In the words

Of antique verse and high romance,--in form,

Sound, colour--in whatever checks that Storm

Which with the shattered present chokes the past

And in that best philosophy, whose taste

Makes this cold common hell, our life, a doom

As glorious as fiery martyrdom. . . . (190-216)

Music, in other words, is a metalepsis--a metaphor for a metaphor--that figures a full range of sensory presence (and self-presence), of intimacy arising out of jouissance.

               Vatalaro knows that the poem is complicated by the death of its speaker. He recognizes "a fracture in Shelley's fantasy, because it undermines the central principle on which it is based, that is, the idea that one might achieve ontological healing by uniting logos and jouissance, word [and other sensory inputs] with voice and music" (85). Ultimately, Vatalaro states, "Shelley assumes Emily's passive stature" (85); he even goes Emily one better by killing off his speaker within the poem before he can read it to her and by conveying it to her with a final envoi. But Vatalaro does not connect the representation of the speaker's perishing and temporally enforced mortality with the "fracture."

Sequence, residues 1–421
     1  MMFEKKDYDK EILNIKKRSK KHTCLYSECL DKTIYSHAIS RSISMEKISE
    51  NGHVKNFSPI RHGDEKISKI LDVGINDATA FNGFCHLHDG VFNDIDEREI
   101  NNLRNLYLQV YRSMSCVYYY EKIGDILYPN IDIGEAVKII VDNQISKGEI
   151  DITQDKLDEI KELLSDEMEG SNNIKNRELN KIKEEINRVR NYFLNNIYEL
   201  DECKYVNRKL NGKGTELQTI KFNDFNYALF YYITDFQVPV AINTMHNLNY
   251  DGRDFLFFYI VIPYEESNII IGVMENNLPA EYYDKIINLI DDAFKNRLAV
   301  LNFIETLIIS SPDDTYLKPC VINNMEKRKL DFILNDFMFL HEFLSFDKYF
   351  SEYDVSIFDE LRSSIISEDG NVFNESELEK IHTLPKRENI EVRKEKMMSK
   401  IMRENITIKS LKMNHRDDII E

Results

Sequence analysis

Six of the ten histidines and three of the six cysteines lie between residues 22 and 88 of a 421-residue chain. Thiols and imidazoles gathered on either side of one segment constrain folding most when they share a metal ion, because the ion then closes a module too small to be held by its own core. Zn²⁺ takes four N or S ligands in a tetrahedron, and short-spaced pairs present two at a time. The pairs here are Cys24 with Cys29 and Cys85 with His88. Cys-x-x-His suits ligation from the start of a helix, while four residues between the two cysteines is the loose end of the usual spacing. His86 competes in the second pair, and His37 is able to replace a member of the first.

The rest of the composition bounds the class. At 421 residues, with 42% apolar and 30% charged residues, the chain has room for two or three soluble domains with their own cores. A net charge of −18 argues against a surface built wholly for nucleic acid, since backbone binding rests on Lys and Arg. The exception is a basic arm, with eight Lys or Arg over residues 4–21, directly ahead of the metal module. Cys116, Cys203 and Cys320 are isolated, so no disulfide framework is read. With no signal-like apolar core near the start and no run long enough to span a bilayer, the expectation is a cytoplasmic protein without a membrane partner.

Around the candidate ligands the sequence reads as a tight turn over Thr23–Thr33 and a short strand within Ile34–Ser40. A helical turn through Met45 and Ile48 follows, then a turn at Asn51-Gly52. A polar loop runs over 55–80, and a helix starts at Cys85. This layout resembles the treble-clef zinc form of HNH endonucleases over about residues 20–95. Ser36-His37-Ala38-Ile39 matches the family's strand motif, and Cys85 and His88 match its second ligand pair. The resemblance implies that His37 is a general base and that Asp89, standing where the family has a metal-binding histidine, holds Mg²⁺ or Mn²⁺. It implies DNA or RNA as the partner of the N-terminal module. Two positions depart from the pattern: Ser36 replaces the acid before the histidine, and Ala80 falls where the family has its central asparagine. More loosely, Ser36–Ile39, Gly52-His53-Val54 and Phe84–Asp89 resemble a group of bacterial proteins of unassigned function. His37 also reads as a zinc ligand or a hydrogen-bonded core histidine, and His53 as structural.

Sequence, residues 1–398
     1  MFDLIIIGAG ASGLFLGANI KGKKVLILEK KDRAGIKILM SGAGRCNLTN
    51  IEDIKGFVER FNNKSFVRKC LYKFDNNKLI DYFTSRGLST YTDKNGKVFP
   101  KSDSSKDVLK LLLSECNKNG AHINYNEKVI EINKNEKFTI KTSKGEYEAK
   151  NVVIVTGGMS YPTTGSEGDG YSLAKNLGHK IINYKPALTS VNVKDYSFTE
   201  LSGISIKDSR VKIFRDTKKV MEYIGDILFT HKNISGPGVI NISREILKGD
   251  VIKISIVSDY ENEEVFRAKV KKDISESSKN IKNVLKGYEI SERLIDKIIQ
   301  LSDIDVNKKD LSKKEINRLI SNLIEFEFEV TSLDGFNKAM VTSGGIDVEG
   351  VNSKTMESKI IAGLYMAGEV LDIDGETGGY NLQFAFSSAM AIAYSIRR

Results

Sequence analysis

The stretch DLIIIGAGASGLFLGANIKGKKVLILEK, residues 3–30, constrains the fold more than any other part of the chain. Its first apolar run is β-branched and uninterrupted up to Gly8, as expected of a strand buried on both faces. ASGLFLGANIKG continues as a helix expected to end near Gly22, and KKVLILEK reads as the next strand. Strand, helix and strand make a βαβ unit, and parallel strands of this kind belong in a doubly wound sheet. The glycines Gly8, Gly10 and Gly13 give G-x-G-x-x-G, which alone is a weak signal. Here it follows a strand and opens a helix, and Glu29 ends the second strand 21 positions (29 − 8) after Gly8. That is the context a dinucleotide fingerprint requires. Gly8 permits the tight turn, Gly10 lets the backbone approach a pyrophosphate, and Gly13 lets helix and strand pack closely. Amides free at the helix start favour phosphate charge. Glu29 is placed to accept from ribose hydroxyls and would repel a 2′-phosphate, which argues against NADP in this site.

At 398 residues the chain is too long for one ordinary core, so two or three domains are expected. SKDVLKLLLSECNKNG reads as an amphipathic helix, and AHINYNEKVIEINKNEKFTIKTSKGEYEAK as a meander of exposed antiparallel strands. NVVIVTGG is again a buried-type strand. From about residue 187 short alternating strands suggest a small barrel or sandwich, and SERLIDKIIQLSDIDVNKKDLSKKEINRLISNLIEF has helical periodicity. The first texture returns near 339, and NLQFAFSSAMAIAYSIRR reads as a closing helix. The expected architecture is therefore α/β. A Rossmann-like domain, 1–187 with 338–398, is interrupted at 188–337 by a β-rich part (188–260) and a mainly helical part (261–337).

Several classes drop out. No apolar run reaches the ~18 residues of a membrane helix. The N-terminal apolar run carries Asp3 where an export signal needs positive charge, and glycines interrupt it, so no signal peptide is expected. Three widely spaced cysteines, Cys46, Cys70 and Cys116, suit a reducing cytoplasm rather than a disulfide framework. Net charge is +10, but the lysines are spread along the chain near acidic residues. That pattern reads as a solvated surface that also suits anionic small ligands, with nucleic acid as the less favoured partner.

This link demands close scrutiny. Shelley's proleptic assertion that the "'soul within our soul . . . describes a circle around its proper Paradise which pain and sorrow and evil dare not overleap'" evokes Coleridge's "Kubla Khan" (1798) and Shelley's own "Alastor" (1816) as well as, indirectly, Paradise Lost (1667)--all for the purpose of commenting on the fragility and evanescence of love as it is characterized. In "Kubla Khan," weaving "a circle round him thrice" (51) does not sustain the speaker's opium dream of the Khan's "pleasure-dome" (2), and so the light of common day overwhelms the unsustainable vision. In "Alastor," the Poet, awaking in "the cold white light of morning," elects to pursue the Indian maiden he has dreamed of. In the speaker's words, "He eagerly pursues / Beyond the realms of dream that fleeting shade; / He overleaps the bounds" (205-07). The Poet thus resembles Milton's Satan, the embodiment of "'pain and sorrow and evil,'" who "at one slight bound overleap[s] all bound" (4.181) on his way into Paradise to trouble Eve's rest. The dilemma of the speaker of "Kubla Khan" and the Poet of "Alastor" is the poet's dilemma more generally: neither love nor the poetry that expresses love can be willed (SPP, ed. Reiman and Fraistat, 531-32).